Will The VAT Spike in Saudi Mean a Lot Less Will be Going to Haj?

Will The VAT Spike in Saudi Mean a Lot Less Will be Going to Haj?

With Saudi Arabia announcing a threefold rise in the value-added tax (VAT), an expert believes the move may also make it more expensive for people to take the Umrah and Hajj pilgrimages.

“The Saudi economy has come under a double shock as a result of the collapse of global crude oil prices and due to the measures taken to curb the coronavirus outbreak,” Mohamed Ibrahim, Istanbul-based economic expert, told Anadolu Agency.

The measures also included suspending the cost-of-living allowance to address the negative impact of the coronavirus crisis.

Ibrahim said the measures will raise the costs of many items including making Umrah and Hajj expensive.

“Saudi authorities may increase the Hajj and Umrah fees to help alleviate the severity of the country’s budget deficit,” he added.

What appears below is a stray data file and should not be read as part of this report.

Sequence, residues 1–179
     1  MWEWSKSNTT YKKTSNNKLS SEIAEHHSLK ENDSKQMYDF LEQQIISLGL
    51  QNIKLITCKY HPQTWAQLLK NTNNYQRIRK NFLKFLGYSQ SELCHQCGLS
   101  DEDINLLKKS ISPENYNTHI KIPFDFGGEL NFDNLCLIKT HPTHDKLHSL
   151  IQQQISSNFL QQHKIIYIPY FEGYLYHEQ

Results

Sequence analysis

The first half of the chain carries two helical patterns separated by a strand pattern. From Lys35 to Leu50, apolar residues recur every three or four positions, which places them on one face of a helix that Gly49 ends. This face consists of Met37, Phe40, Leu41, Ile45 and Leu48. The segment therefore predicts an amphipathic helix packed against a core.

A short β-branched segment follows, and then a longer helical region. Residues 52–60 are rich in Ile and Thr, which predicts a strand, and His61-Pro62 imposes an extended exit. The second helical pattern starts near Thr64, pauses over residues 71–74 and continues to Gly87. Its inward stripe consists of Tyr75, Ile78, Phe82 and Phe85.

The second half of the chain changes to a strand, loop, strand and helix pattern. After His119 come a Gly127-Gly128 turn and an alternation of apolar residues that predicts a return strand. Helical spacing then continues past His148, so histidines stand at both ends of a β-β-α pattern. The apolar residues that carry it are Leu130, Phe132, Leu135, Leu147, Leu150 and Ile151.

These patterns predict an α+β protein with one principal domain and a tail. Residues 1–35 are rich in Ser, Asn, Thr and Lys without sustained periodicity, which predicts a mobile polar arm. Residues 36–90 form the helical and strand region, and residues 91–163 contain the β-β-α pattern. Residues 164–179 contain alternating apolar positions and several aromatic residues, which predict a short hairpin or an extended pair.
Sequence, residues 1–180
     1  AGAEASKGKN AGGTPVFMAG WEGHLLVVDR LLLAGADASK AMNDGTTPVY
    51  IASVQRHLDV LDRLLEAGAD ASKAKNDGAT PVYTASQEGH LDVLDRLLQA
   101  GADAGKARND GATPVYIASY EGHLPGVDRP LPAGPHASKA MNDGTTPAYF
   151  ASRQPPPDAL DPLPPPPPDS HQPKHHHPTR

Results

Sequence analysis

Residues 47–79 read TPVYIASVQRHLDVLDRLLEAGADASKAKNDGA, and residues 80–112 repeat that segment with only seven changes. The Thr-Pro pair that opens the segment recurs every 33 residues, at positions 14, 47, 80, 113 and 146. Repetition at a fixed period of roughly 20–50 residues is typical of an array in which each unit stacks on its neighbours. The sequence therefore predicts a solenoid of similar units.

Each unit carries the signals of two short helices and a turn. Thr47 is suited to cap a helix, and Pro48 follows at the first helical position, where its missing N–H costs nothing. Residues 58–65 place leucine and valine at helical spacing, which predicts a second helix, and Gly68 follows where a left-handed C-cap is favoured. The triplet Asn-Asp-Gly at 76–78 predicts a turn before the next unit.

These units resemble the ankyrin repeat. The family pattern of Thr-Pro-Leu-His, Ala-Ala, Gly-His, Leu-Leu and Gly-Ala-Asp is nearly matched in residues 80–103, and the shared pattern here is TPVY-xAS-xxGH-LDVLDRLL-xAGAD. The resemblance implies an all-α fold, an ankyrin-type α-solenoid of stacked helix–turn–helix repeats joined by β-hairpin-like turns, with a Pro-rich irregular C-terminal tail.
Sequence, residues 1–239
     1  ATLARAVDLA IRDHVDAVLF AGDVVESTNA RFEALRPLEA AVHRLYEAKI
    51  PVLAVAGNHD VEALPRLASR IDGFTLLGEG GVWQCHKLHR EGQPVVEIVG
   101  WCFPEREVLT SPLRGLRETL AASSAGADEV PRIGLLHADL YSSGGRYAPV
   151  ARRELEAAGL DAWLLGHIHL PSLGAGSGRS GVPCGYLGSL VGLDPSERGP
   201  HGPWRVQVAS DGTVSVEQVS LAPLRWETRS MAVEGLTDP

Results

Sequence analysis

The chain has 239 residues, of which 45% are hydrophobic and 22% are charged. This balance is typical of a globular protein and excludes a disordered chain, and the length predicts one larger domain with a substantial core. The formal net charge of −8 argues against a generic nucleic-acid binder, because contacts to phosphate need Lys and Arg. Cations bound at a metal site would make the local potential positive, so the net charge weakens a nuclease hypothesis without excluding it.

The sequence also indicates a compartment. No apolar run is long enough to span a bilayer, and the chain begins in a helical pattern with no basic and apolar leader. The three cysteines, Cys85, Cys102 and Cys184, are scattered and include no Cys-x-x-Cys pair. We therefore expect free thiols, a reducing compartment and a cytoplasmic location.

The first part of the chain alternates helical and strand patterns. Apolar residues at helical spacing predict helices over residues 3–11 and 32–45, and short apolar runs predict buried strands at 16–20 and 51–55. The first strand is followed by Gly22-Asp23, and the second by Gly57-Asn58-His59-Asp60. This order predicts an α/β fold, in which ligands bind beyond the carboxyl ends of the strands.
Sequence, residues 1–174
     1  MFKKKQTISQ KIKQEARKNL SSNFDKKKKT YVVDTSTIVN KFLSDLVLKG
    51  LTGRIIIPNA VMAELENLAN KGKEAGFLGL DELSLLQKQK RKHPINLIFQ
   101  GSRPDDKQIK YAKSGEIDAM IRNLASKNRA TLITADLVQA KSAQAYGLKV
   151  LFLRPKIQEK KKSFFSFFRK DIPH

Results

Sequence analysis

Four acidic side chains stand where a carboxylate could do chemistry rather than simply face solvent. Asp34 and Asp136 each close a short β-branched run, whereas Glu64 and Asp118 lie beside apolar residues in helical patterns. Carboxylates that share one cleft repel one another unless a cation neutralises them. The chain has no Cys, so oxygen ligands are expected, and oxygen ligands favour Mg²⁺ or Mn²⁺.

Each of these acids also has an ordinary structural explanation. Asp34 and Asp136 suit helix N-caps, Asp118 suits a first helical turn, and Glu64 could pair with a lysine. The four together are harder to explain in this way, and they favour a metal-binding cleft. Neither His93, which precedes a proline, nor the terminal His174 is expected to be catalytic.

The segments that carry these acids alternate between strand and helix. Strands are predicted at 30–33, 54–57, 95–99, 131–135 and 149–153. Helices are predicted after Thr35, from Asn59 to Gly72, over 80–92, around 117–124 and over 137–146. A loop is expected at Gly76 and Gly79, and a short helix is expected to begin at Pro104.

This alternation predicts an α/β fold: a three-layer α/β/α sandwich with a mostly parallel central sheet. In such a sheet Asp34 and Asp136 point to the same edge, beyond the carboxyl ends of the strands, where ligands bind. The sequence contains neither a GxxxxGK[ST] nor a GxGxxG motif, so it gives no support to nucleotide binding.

According to official figures, pilgrimages bring revenue of $12 billion to the Saudi kingdom every year. The religious rituals contribute to 20% of the non-oil GDP of the country, and around 7% of the total GDP.

Earlier, quoting Saudi Finance Minister Mohammed al-Jadaan, the official SPA news agency said the VAT rates will stand increased from 5%-15% as of July.

“The Saudi budget banks heavily on oil revenues, as the oil prices collapse greatly affected public revenues and led to a high budget deficit,” said Ibrahim.

He said that according to first-quarter data of 2020, the deficit has reached to 34.1 billion riyals ($9.1 billion).

He added that Riyadh has been exploring alternatives to compensate for the decline in oil revenues.

“These alternatives included austerity measures taken to reduce public expenditures, as well as the tendency to increase public revenues by raising the VAT along with halting to pay the cost of living allowance,” he noted.

The Saudi minister described the measures as “important to shield the kingdom’s economy to overcome the unprecedented global coronavirus pandemic and its financial and economic repercussions with the least damage possible”.

Al-Jadaan said the pandemic has caused an unprecedented slump in oil demand, the decline in economic activity, and a rise in expenses needed to stem the spread of coronavirus.

According to the US-based Johns Hopkins Coronavirus Resource Centre, Saudi Arabia has so far reported 39,048 COVID-19 cases with 246 deaths.

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